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About William T. Oedel

William T. Oedel received the Outstanding Teacher Award for the College of Humanities and Fine Arts in 1996. He offers lecture courses on American art and architecture to 1940 and seminars on nineteenth-century American painting. The seminars center on individual artists--including Cole, Mount, Homer, and Eakins--through whom one encounters the cultural and historical contexts. Professor Oedel is especially concerned with how artists participate in ideological and political discourse, and he has directed a good deal of student research into constructions of race, labor, class, the family, and gender, as well as issues bearing on spirituality, industrialization, the art market, and tourism. From time to time he offers the graduate seminar in museum studies alternately given by Walter Denny.
Professor Oedel received the B. A. magna cum laude from Harvard, the M.A. from the Winterthur Program in Early American Culture, and the Ph.D. from the University of Delaware, where he was given the Wilber Owen Sypherd Award for the Outstanding Dissertation in the Humanities. He was Curator at The Historical Society of Pennsylvania in Philadelphia before joining the faculty at Massachusetts. He has held fellowships from the Rockefeller Foundation and the National Endowment for the Humanities, as well as a Smithsonian Senior Postdoctoral Fellowship at The National Portrait Gallery in Washington. Much of his publishing has contributed to museum catalogues, recently The Peale Family and catalogues of the permanent collections at the Detroit Institute of Arts and the Springfield Museums. The article on William Sidney Mount which he coauthored with Todd S. Gernes, then a graduate student at the University of Massachusetts, appears in the anthology Reading American Art (Yale 1998). Professor Oedel is completing the book John Vanderlyn and the Art of Politics.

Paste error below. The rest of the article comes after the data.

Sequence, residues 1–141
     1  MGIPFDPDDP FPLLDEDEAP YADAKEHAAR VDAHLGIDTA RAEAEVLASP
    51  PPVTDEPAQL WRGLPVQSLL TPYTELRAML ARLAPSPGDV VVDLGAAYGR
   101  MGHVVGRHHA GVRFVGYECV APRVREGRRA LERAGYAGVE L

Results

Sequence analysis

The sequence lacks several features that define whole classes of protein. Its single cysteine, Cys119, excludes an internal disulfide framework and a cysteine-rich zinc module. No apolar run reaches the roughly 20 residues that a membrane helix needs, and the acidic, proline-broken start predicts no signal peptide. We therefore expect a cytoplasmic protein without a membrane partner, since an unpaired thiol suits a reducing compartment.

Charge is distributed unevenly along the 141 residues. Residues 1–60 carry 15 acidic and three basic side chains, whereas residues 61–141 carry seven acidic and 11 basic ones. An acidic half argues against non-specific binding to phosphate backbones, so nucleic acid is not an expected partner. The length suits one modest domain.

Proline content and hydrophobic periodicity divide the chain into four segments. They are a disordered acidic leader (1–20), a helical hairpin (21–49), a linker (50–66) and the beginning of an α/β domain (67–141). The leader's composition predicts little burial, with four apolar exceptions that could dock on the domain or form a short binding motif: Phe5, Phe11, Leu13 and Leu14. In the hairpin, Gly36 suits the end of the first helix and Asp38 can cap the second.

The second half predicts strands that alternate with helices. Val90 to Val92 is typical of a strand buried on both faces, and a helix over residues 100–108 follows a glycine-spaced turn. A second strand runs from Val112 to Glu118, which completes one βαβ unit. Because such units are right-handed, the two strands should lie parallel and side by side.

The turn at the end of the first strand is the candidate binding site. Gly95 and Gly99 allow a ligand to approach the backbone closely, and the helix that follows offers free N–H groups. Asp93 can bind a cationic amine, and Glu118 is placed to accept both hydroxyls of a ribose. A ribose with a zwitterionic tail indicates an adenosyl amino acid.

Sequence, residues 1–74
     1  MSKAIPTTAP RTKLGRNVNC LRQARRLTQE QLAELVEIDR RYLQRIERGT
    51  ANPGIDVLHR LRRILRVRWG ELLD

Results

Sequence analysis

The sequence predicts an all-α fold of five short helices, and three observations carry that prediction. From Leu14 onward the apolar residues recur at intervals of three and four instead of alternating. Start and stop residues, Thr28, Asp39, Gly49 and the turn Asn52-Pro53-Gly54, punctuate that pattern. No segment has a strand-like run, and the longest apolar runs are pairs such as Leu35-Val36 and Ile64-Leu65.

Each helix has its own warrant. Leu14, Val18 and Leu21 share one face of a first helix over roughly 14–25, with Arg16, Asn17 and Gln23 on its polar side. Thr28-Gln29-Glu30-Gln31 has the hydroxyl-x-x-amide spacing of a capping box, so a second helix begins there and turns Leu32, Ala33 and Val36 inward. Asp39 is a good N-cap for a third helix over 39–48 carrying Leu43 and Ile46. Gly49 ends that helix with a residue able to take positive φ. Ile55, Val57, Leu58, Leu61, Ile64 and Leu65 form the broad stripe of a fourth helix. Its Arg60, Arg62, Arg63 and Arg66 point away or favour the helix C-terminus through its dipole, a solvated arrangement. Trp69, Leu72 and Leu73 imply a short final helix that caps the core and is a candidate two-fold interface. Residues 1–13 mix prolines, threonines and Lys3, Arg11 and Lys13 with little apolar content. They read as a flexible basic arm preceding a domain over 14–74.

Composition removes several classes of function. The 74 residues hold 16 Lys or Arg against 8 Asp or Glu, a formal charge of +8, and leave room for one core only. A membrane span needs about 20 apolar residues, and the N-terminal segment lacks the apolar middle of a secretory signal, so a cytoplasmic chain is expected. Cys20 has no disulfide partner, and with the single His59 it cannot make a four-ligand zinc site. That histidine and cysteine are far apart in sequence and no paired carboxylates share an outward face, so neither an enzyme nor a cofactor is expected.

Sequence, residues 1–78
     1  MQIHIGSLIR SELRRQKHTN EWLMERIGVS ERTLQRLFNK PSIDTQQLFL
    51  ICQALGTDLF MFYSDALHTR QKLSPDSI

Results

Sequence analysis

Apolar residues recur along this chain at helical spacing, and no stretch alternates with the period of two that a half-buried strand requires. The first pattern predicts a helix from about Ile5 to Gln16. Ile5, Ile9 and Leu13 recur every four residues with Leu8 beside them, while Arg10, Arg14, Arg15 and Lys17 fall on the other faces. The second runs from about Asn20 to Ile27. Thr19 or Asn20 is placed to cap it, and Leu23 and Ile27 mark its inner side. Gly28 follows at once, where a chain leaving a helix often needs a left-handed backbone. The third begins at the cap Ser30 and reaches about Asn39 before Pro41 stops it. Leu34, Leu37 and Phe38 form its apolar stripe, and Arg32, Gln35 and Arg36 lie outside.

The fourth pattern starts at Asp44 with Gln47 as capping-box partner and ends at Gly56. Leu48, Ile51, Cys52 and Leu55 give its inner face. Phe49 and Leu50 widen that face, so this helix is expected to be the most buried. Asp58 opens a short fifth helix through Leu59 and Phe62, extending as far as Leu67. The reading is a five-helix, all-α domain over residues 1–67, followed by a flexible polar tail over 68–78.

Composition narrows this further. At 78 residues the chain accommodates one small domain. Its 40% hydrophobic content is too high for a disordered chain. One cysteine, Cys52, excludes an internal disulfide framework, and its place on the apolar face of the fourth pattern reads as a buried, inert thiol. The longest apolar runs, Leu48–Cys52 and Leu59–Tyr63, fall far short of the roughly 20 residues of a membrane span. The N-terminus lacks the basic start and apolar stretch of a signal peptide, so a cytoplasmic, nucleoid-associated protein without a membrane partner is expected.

Students specializing in American art at Massachusetts have secured positions in museums, auction houses, secondary schools, slide libraries, and historic sites; many enter doctoral programs in art history, lately at Delaware, Michigan, Princeton, and California at Santa Barbara.


Present Associate Professor, Department of Art & Art History, University of Massachusetts Amherst
Present Department Chair, University of Massachusetts Amherst

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Contact Information

Fine Arts Center 365
University of Massachusetts Amherst
Amherst, MA 0l003
Tel:413 545-6910


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